Tech Note: Crystal Resonators
The importance of quartz crystal resonators in electronics results from their extremely high Q, relatively small size and excellent temperature stability.
A quartz crystal resonator uses the piezoelectric properties of quartz. The direct piezoelectric effect refers to the electric polarization of certain materials brought about by the application of mechanical stress. The converse effect refers to the deformation produced in the same materials by the application of an electric field. In a quartz crystal resonator, a thin slice of quartz, cut at an appropriate orientation with respect to the crystallographic axes, is placed between two electrodes. An alternating voltage applied to these electrodes causes the quartz to vibrate in sympathy. The accompanying changes in the electric polarization constitute an electric displacement current through the resonator.
When the frequency of the applied voltage approaches one of the mechanical resonance frequencies of the quartz slice, the amplitude of the vibrations becomes very large. The accompanying displacement current also increases, so that the effective impedance of the device decreases in magnitude. The rapid change in impedance as the frequency varies in the neighbourhood of resonance is the key factor in the application of quartz crystal resonators as frequency control elements in crystal oscillators.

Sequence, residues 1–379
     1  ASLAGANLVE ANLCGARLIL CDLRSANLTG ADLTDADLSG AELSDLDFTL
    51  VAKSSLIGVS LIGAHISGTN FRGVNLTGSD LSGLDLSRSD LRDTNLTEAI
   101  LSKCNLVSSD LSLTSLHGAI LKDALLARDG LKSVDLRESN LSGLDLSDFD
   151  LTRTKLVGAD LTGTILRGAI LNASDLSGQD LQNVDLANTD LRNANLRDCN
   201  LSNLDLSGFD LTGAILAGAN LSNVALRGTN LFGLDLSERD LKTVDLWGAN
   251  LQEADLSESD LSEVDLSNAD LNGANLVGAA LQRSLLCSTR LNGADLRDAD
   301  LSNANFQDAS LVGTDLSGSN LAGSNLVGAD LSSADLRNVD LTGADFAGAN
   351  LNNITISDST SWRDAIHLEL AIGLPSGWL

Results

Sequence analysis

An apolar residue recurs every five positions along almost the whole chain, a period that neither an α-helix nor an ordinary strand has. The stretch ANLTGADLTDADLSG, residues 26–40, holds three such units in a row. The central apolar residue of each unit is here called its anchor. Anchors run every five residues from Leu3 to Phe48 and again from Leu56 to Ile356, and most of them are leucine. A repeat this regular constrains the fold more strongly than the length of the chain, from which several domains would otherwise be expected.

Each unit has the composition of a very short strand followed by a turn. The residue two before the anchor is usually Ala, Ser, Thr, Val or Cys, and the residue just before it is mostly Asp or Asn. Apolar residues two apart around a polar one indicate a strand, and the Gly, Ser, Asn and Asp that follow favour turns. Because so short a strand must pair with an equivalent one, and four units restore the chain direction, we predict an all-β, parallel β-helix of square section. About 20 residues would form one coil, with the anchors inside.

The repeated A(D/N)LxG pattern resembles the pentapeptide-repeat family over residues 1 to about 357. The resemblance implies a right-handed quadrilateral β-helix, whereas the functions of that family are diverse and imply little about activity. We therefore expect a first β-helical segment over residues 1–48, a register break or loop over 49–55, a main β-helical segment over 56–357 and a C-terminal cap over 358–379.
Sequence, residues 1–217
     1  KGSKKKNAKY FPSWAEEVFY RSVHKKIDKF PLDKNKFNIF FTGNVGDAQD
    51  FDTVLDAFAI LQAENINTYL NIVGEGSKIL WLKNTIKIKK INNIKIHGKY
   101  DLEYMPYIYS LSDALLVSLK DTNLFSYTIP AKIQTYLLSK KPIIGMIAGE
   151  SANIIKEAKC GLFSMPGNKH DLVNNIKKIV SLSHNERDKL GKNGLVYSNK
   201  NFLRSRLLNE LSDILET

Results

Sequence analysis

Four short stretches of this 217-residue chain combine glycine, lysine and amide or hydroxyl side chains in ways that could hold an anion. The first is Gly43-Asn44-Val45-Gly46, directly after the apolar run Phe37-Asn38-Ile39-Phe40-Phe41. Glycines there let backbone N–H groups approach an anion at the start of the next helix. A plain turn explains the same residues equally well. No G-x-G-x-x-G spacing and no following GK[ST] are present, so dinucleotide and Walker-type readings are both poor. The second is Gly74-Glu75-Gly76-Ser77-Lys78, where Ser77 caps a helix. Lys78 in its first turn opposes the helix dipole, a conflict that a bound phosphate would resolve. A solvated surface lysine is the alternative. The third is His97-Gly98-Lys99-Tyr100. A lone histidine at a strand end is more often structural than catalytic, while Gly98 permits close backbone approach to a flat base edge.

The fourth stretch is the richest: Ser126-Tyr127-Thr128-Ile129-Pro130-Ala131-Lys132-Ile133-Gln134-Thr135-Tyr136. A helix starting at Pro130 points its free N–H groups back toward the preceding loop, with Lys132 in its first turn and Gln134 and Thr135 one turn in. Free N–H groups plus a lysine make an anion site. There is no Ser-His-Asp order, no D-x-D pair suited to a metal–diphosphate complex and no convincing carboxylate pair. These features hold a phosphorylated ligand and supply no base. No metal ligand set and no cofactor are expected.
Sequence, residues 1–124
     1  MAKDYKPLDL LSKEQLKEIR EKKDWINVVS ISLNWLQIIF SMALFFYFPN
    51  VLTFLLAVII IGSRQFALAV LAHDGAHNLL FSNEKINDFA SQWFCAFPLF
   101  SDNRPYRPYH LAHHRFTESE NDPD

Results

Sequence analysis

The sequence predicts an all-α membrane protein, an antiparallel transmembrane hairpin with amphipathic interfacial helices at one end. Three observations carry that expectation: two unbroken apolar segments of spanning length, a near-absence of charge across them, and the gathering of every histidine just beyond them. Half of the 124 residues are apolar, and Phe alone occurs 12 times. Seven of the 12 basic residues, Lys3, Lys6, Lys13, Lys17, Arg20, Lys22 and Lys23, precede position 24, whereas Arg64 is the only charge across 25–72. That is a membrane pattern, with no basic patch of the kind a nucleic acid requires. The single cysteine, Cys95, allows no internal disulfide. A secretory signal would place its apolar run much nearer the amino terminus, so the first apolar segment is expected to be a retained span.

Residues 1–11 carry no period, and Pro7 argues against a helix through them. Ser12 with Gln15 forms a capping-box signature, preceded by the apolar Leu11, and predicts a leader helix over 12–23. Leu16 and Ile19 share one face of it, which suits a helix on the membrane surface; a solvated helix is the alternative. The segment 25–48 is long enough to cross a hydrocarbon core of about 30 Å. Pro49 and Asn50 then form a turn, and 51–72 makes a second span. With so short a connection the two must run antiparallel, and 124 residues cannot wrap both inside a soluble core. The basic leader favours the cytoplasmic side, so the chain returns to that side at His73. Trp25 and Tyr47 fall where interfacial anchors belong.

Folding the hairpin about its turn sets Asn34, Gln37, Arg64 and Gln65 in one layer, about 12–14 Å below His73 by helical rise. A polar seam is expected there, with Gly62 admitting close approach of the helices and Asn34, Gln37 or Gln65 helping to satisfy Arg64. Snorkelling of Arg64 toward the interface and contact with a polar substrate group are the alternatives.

Electrically, a quartz crystal can be represented by the equivalent circuit of Figure 1, where the series combination R1, L1 and C1 represent the contributions to the impedance from the piezoelectric effect, and C0 represents the shunt capacitance between the electrodes along with any stray holder capacitances. The inductance L1 is a function of the mass of the quartz while the capacitance C1 is associated with its stiffness. The resistance R1 results from the loss in the quartz and in the mounting arrangement. The parameters of the equivalent circuit can be measured to accuracies of the order of 1%.
A reactance-frequency plot of the equivalent circuit is given in Figure 2. There are many related formulae for crystal
performance; the first of these is for fs. This is the frequency at which the crystal is series resonant and is given by:
where fs is in Hz, L1 in henries and C1 in farads.
Calibration tolerance is the maximum allowable deviation in frequency of a crystal at a specific temperature, the reference temperature (usually 25°C).
Crystals suffer instability from several causes. Temperature variation and a physical change of mass which results in the long-term drift we call ageing are probably those which concern us most.
The effects of temperature variation are minimized by an appropriate choice of crystal cut and (for close tolerance requirements) by including a temperature dependent reactance in the crystal’s circuit, or by holding it at a constant temperature in a small oven. AT-cut crystals are the most widely used today because their family of frequency-temperature curves readily provides good performance at low cost for all but the most demanding applications.